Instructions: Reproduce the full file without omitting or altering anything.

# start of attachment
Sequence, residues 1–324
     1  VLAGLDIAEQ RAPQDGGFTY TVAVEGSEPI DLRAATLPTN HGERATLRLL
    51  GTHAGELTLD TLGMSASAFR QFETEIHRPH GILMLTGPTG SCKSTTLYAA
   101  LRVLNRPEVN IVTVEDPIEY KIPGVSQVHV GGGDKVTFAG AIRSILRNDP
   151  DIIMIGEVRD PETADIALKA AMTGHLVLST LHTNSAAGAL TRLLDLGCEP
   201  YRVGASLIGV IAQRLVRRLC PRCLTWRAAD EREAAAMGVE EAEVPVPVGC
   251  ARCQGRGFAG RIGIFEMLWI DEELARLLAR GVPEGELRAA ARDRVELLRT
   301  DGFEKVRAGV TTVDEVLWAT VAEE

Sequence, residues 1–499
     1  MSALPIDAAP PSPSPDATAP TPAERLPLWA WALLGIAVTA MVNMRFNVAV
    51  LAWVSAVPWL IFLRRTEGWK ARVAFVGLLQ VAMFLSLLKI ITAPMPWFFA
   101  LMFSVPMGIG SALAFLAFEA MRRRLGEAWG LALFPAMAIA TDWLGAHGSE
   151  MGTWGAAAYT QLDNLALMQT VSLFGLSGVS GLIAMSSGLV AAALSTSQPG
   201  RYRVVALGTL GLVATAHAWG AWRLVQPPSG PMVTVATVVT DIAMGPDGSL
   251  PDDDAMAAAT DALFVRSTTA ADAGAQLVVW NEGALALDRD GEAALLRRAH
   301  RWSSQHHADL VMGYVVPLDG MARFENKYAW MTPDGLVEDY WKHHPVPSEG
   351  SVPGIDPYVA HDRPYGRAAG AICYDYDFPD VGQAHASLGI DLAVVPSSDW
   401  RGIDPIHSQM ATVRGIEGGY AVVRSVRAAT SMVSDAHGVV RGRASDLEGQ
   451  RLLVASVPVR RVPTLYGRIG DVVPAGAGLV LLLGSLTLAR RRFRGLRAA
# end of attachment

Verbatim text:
Sequence, residues 1–324
     1  VLAGLDIAEQ RAPQDGGFTY TVAVEGSEPI DLRAATLPTN HGERATLRLL
    51  GTHAGELTLD TLGMSASAFR QFETEIHRPH GILMLTGPTG SCKSTTLYAA
   101  LRVLNRPEVN IVTVEDPIEY KIPGVSQVHV GGGDKVTFAG AIRSILRNDP
   151  DIIMIGEVRD PETADIALKA AMTGHLVLST LHTNSAAGAL TRLLDLGCEP
   201  YRVGASLIGV IAQRLVRRLC PRCLTWRAAD EREAAAMGVE EAEVPVPVGC
   251  ARCQGRGFAG RIGIFEMLWI DEELARLLAR GVPEGELRAA ARDRVELLRT
   301  DGFEKVRAGV TTVDEVLWAT VAEE

Sequence, residues 1–499
     1  MSALPIDAAP PSPSPDATAP TPAERLPLWA WALLGIAVTA MVNMRFNVAV
    51  LAWVSAVPWL IFLRRTEGWK ARVAFVGLLQ VAMFLSLLKI ITAPMPWFFA
   101  LMFSVPMGIG SALAFLAFEA MRRRLGEAWG LALFPAMAIA TDWLGAHGSE
   151  MGTWGAAAYT QLDNLALMQT VSLFGLSGVS GLIAMSSGLV AAALSTSQPG
   201  RYRVVALGTL GLVATAHAWG AWRLVQPPSG PMVTVATVVT DIAMGPDGSL
   251  PDDDAMAAAT DALFVRSTTA ADAGAQLVVW NEGALALDRD GEAALLRRAH
   301  RWSSQHHADL VMGYVVPLDG MARFENKYAW MTPDGLVEDY WKHHPVPSEG
   351  SVPGIDPYVA HDRPYGRAAG AICYDYDFPD VGQAHASLGI DLAVVPSSDW
   401  RGIDPIHSQM ATVRGIEGGY AVVRSVRAAT SMVSDAHGVV RGRASDLEGQ
   451  RLLVASVPVR RVPTLYGRIG DVVPAGAGLV LLLGSLTLAR RRFRGLRAA